2. Erik,
      Where are the Nebraska Amish settling in New York? Thanks for the heads up.

      1. I’m not sure Tom. I may have been told but it exited the other ear.

    3. Erin

      I live in MN and I am very grateful to have Amish in our state. I know a new community started in East Central MN about 20 months ago and 2 more communities have started within the past few months. I love to meet them and help support them.

    4. Don Curtis

      New York Amish

      I read this post to Mark. He said that there was a family from Belle Center that moved to New York and was one of the founding families at the Canastota, NY settlement. Also, a number of families, mainly relatives, have joined them there coming from Holmes County. Mark explained that New York attracts the Amish because of the land prices and the availability to big city markets for their products. The land there, unlike in the midwest, is not suitable for the big grain farmers who are grabbing up every available acre in Ohio, Indiana, etc. The farms in Upstate New York tend to be smaller farms, around a hundred acres or so. The land is kind of hilly and broken up with valleys and such. Not good for grain farms but good for dairy herds. The English farmers are getting older and wanting to retire and none of their children want to take over the farms. But, the Amish are more than willing to step in and take over the farms and build them back up.

      1. Canastota NY Amish

        Interesting Don, here’s a little further info from David Luthy’s article: of the 18 new New York settlements founded from 2007-mid 2012, 10 of them originated from existing settlements in New York. 5 were from Pennsylvania, 2 each from Michigan and Wisconsin, and 1 from Ohio (Conneaut). Looks like that Canastota community was started a little before this period, in 2006. It sounds like there is room to grow.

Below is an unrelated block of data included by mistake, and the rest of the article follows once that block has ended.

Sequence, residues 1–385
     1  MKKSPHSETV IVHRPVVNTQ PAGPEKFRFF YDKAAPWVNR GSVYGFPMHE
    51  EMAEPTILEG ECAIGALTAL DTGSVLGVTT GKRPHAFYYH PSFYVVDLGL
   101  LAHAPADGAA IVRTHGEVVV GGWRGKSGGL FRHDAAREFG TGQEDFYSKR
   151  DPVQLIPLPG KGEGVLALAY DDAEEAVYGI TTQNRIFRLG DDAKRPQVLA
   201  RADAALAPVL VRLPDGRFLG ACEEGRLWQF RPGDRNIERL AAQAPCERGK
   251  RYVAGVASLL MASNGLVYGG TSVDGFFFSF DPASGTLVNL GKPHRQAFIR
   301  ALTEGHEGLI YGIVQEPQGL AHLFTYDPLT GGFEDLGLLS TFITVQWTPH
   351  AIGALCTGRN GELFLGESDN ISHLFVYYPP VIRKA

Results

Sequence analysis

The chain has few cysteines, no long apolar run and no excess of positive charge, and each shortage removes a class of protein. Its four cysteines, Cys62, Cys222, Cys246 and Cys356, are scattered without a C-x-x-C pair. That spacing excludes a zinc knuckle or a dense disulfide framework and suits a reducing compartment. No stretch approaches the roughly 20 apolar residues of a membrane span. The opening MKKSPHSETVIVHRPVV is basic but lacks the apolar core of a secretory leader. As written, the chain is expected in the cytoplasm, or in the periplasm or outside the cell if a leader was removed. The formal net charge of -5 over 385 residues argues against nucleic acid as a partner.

1. Erik,
          I never realized how often some Amish move. Some of the first Amish I met nearly 20 years ago were in Conewango, NY and they moved to Conneaut Ohio. The Conneaut settlement also spills over into PA. I will have to check and see if they have the moving bug. My take is that it is easy for some to “get a bug in their bonnet” and pull up stakes. Didn’t know about Canastota, I don’t get there often.

      2. Joe B

        Farm outside Rome, NY

        Can someone advise on how I can contact the Amish communities around central NY? I have around 200 acres of farm/pasture/woods that is available for purchase. The farm is located about 2 miles outside of Rome NY in Oneida County. This was a dairy farm that was in business until 1980. Since then the land and associated buildings have been rented out for crops, living, etc. The buildings include 2 houses (1 vacant and 1 rented), 1 large dairy barn and an adjacent milk plant that was used to process and bottle milk (now vacant). I can be reached at 919 602-0360. Thanks. Joe B

    5. Alice Mary

      Welcome, Amish "neighbors"!

      I was surprised to read about an increase of new Amish settlements in my state (IL). I wish there were a way to entice them to my county! I’ll further investigate the other Amish settlement areas when I have a little more time (lunch time now, at work).

      Of course, any regular reader here knows the Amish are an ever-growing population! 🙂

      Thanks, Erik!

      Alice Mary

    6. Some Amish leaving New York?